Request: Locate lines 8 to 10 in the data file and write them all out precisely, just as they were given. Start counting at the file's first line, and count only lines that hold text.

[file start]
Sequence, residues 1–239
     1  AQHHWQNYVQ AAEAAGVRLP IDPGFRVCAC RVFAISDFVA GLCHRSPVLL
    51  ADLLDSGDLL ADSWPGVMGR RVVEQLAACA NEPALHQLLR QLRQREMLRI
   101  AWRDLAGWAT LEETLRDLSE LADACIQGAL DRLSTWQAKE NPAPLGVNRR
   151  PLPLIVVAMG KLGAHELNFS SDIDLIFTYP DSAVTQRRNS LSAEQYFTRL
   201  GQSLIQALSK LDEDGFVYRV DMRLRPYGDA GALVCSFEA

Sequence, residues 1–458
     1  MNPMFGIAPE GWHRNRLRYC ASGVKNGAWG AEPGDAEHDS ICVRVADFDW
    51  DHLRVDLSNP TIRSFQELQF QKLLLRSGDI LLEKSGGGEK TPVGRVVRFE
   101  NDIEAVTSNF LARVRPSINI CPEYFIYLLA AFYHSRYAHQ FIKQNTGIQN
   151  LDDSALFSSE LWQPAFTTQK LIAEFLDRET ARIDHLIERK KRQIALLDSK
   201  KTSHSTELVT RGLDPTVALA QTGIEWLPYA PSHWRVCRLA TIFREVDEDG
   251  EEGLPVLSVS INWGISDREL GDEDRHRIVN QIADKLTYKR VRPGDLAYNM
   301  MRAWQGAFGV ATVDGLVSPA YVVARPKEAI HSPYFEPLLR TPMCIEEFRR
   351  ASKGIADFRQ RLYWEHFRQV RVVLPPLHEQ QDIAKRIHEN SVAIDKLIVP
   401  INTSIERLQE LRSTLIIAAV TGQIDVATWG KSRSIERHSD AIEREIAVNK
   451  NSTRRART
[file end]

     1  MNPMFGIAPE GWHRNRLRYC ASGVKNGAWG AEPGDAEHDS ICVRVADFDW
    51  DHLRVDLSNP TIRSFQELQF QKLLLRSGDI LLEKSGGGEK TPVGRVVRFE
   101  NDIEAVTSNF LARVRPSINI CPEYFIYLLA AFYHSRYAHQ FIKQNTGIQN